Making Python safer than ever

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Hello I am Cheuk

  • Open-Source contributor

  • Organisers of community events

  • PSF director and fellow
  • Consultant and trainer at CMD Limes

What is important when choosing a place to live?

Safety is important

Even when using software at home

Security in Python

If you ask me, it is extra important

Who is using Python?

  • Researchers
  • Data Scientist
  • Bank - financial industry
  • Government
  • Teachers
  • Anyone - you and me

What makes Python vulnerable?

  • Broad adaptation
  • Diverse user profile
  • First programming language
  • Users not nesscery having engineering background

There are also policies to protect consumers

  • US Executive Order 14028 for cybersecurity
  • NTIA (National Telecommunications and Information Administration) Minimum Elements for an SBOM
  • CRA is being effective in a few years
  • AI act, PLD etc

We need to protect Python users and devlopers

Do you know what are the most commmon issues in OSS?

Top 10 risks with OSS

drum rolls.....

Top 10 risks with OSS

  1. Known Vulnerabilities
  2. Compromise of Legitimate Package
  3. Name Confusion Attacks
  4. Unmaintained Software
  5. Outdated Software
  6. Untracked Dependencies
  7. License Risk
  8. Immature Software
  9. Unapproved Changes (mutable)
  10. Under/over-sized Dependency

PSF has hired 2 full-time engineers to help us

Seth Michael Larson

Security Developer-in-Residence
(funded by Alpha-Omega)

Mike Fiedler

PyPI Safety & Security Engineer
(funded by AWS)

This is what we do

How do you know if a
    Python release artifact is legitimate?

Signed Releases
with Sigstore


  • Sign and verify software
  • identity-based, “keyless” signing
  • Signing events are logged in Rekor
  • transparency log providing an auditable record

Starting with the Python 3.11.0, Python 3.10.7, Python 3.9.14, Python 3.8.14, and Python 3.7.14 releases


 CPython release artifacts are additionally signed with Sigstore

Use Sigstore to verify

      - uses: sigstore/gh-action-sigstore-python@v0.2.0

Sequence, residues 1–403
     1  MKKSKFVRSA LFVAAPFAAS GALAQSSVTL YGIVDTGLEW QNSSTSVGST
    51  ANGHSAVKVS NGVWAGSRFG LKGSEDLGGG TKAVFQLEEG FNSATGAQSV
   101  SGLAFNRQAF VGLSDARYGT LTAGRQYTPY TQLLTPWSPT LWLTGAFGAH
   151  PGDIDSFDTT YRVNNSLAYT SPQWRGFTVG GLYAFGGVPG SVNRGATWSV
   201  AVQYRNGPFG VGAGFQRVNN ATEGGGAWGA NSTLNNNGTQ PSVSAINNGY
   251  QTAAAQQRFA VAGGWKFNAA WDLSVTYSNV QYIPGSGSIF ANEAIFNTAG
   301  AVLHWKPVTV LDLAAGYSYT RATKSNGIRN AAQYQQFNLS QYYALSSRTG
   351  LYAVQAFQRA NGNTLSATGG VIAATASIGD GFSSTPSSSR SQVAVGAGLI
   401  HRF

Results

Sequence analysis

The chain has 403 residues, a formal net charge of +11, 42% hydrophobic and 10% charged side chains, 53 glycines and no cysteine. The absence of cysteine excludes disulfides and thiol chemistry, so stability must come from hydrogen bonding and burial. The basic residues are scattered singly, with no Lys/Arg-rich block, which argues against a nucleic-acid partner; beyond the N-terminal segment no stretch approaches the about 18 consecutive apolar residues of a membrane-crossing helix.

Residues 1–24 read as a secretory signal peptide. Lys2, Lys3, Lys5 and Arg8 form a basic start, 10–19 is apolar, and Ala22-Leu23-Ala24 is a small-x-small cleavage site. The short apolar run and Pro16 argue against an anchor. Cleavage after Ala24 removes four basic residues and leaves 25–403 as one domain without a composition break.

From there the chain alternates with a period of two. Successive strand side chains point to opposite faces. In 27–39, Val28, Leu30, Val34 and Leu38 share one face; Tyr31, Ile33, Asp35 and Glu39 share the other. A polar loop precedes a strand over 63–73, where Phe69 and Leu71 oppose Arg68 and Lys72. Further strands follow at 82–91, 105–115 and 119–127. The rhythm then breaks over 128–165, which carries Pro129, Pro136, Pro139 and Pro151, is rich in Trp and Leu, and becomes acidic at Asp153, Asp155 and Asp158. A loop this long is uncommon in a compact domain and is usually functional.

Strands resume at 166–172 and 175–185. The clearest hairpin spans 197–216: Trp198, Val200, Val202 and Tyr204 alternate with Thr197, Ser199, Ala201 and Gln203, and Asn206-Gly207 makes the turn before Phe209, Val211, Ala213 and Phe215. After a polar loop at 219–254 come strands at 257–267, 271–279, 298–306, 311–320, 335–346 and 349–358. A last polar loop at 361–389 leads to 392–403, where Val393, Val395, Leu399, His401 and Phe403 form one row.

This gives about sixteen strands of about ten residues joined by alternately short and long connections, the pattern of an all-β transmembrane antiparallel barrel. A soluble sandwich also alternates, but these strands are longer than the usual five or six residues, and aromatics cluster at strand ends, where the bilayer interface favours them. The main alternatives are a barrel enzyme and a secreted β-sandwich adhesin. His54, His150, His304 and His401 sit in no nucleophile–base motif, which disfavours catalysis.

inputs: foo.txt

PSF has become a CVE Numbering Authority (CNA)

CVEs are numbers for documenting vulnerabilities

  • A unique, alphanumeric identifier
    e.g. CVE-2022-48564
  • Enhance communication to discuss, share, and correlate information about a specific vulnerability

By becoming a CNA we can assign CVE IDs to vulnerabilities in CPython and Pip

PSF advisory database

2FA Enforcement on PyPI

  • PyPI has supported adding 2FA since 2019
  • enforcing 2FA for all users by the end of 2023
  • protect the libraries attacked by baddies

Inbound Malware Volume Report Improvement

Before: most within 8 hours

Inbound Malware Volume Report Improvement

  • shared inbox system Help Scout to receive inbound emails
  • tag, assign, and close reports
  • no change to end users

Inbound Malware Volume Report Improvement

After: most within 60 mins

Security Audit on PyPI

  • funded in partnership with the Open Technology Fund (OTF)
  • perform the audit: Trail of Bits
  • "Warehouse" - open-source codebase that powers
  • "cabotage" - custom open-source container orchestration framework for deployment

But that's not it!

We have our community to help

Do you know we have a Python Security
Response Team (PSRT)?

The PSRT accepts security reports for

  • CPython
    (supported and end-of-life)
  • pip

Vulnerability handled by PSRT

  • The reporter reports the vulnerability privately 
  • If the report constitutes a vulnerability, the PSRT will work privately with the reporter
  • The project creates a new release
  • The project publicly announces the vulnerability and describes how to apply the fix via an advisory (public)

PyPA Advisory Database

  • for CPython from CVEs
  • can use pip-audit for packages on PyPI
  • now published to the OSV Vulnerability Database
  • compatible with the OSV API to scan vulnerabilities
  • more visibility

Securing our community

Maintainers of Python projects:

Users of Python projects:

  • Keep your dependencies locked and up-to-date
  • Subscribe for advisories:
  • Use pip-audit to audit your dependencies for known vulnerabilities
  • Alternatively you can use OSV API

Companies using Python (or any OSS) projects:

Thank you

Alpha-Omega and AWS

For supporting PSF to have Seth and Mike to help us


It would be great to have more support!

Security Open Sapce

  • Room 320 on Saturday at 2PM
  • help with vulnerabilities
  • how to handle them as project maintainers
  • talk with GitHub Security Champion Madison Oliver
  • stickers!!!!

Thank you ❤️

Grab the slides:

Making Python safer than ever

By Cheuk Ting Ho

Making Python safer than ever

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